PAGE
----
11) Tonight was going to be "dog night" - I wonder if the dog theme was part of an aborted pets promotion. Two dogs - Buttercup and Prost?? - were show on the screen and we were asked to whom the dogs belonged - Lehning, Snow, or Erika (I'll use the Brazilian custom and refer to de Souza as Erika hereout, even though I have forgotten the accent mark, which would lead any speaker of Portugese to roll his or her eyes. "Americans.")

These were Erika's dogs! It must be a pain to have to arrange travel for them, Erika must really love her dogs.

12) Atlanta continued to roll. We were up 17-6 with around four minutes left. Latta got away with a grab that wasn't called for a foul, but she picked up two quick fouls nonetheless so it could have been three. With about 3:06 remaining, the Dream had a 21-6 lead after a pair of baskets by Lyttle.

Sacramento called a time out. The audience was strangely subdued, as if they couldn't believe the scoreboard.

13) From there, the point was to defend our double-digit lead. Shalee Lehning came back into the game. However, with about 1:30 to go Atlanta was over the limit in fouls. A few free throws by Sacramento whittled down the lead, but Iziane ended the quarter on a run to the basket that ended with a one-handed layup. McCoughtry and Iziane each had 9 points and we were up 27-17 at the break.

14) The Dream brought out some kiddie dancers. Yes, I know, "dressed like tramps, blah blah blah." But does every drawn conclusion people jump to have to be nasty? (They could tone down the hoochie wear, though, it ain't necessary.) I've always liked the kiddie dancers, who were doing a new disco-super-pop remix of the Hokey Pokey. There's something comical about it, but also something quite innocent. I suspect that the fans like the kid dancers, too.

More kid dancers, I say. Put Miss Grand Supreme to work!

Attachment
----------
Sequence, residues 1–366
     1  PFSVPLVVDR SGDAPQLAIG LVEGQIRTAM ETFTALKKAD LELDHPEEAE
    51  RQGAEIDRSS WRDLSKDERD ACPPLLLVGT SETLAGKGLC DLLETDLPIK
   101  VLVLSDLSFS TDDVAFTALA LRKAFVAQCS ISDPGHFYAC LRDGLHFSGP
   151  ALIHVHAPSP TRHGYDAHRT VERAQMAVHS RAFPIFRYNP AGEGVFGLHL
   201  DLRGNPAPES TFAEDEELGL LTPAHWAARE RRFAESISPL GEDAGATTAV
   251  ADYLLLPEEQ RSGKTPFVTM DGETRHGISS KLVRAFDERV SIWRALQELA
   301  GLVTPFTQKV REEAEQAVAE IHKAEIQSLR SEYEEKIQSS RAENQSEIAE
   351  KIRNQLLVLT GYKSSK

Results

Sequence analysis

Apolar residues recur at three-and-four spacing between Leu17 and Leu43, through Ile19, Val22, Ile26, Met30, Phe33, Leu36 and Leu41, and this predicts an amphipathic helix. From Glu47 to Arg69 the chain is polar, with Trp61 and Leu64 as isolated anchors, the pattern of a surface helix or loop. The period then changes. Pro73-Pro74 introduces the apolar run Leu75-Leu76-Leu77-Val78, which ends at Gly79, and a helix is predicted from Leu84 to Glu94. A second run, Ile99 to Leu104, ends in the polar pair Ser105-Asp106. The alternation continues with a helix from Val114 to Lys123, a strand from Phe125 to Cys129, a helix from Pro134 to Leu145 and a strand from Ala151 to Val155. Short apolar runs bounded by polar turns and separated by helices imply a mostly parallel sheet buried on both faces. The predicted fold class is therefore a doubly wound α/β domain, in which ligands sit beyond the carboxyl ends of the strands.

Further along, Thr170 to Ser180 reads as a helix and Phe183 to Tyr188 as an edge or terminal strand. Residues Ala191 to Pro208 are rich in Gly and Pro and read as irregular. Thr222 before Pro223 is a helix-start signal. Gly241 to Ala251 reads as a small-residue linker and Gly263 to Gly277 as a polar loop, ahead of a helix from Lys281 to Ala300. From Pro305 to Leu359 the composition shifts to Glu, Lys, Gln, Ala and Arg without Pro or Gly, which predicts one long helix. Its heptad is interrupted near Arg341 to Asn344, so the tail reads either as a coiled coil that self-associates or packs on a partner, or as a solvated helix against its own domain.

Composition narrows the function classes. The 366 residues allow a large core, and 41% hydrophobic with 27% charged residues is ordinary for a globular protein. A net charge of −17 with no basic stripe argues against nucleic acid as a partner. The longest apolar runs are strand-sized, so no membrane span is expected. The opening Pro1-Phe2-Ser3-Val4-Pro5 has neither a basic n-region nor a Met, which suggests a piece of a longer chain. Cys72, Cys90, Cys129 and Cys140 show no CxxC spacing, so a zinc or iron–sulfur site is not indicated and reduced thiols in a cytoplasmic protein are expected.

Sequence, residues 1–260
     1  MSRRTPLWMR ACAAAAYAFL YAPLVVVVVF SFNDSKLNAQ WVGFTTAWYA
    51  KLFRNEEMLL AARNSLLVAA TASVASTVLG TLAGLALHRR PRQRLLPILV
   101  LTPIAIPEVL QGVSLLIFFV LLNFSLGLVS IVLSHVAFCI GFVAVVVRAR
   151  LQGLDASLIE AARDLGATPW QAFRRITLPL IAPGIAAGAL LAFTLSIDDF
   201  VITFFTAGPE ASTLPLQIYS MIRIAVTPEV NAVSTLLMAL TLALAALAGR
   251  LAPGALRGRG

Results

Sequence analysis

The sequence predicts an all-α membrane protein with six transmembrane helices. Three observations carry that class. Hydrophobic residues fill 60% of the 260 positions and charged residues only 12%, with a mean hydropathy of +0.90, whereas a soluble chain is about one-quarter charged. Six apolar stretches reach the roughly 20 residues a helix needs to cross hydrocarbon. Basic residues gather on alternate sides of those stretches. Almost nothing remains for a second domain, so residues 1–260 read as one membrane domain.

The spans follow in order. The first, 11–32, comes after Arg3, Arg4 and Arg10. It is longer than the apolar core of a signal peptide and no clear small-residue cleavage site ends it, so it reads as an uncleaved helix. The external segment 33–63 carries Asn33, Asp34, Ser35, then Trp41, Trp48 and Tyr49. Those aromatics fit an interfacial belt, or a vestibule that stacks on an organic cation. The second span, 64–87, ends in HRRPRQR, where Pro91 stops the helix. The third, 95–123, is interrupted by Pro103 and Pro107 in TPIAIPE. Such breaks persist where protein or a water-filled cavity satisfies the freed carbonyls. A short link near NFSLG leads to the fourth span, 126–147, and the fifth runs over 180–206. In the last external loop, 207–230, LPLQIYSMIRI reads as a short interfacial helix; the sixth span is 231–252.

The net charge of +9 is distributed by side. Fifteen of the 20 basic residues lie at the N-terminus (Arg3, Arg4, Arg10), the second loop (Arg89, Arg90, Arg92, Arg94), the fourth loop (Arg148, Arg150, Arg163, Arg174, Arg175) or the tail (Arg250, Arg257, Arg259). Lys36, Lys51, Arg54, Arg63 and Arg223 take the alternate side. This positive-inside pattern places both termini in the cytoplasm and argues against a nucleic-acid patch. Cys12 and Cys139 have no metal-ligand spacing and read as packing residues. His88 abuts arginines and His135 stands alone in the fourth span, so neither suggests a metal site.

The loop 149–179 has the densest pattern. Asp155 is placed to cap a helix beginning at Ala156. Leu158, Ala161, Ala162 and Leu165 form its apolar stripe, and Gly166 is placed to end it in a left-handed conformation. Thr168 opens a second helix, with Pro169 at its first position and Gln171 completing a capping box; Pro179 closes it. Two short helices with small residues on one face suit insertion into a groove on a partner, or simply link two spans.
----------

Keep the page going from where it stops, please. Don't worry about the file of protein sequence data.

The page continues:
15) In the second quarter, Lehning put some acrobatic skill to work. She blocked a pass from Kristin Haynie and managed to rescue the ball and get it to Angel McCoughtry. The ball got back to Lehning and she turned it into an assist to Erika for the basket.

At about 3 minutes in, I saw the sweetest behind-the-back dribble where Lehning transferred the ball from her right hand to her left. Yeah, I'm sure you've seen a thousand of them but I've only followed women's basketball for a short time - I'm amazed at what these players could do.

Later, Lehning would come at Penicheiro from behind and steal the ball. Shades of Angel McCoughtry!

16) On the other hand, despite the acrobatics Atlanta was getting sloppy. McCoughtry picked up another of her patented steals but sprinted down the court so fast that she couldn't come to a stop. The ball was lost. Lehning threw the ball too high and Nicole Powell ended up with the ball. Sacramento had worked the lead down to single digits, 40-33.

17) With 3:04 to go and the score 42-33 Atlanta, Armintie Price came onto the court. Frankly, Atlanta needed some defense, as neither McCoughtry nor Iziane were scoring.

18) There was another picture of dogs on the screen. This time, it was a snapshot of three well-cared dogs. A fan was give a trivia question, and the fan answered correctly that these dogs belonged to Marynell Meadors. Coach Meadors has some nice looking pooches.

19) I saw another sign - "CHB UK Atlanta Dream". I think it means something, perhaps a code to our secret Dream overlords.

20) With the Dream up 42-33, there was a two minute drought where neither team could score. Someone had to make a run, so it was Ivory Latta who stepped up to the task. She would hit the next three baskets for the Dream, including a 3 pointer for 7 points to end the first half. However, the Monarchs scored as well. Ivory Latta attempted a 3-pointer from half court as time expired - and it actually made it to the backboard - but didn't fall. The Dream led 48-40 at the half.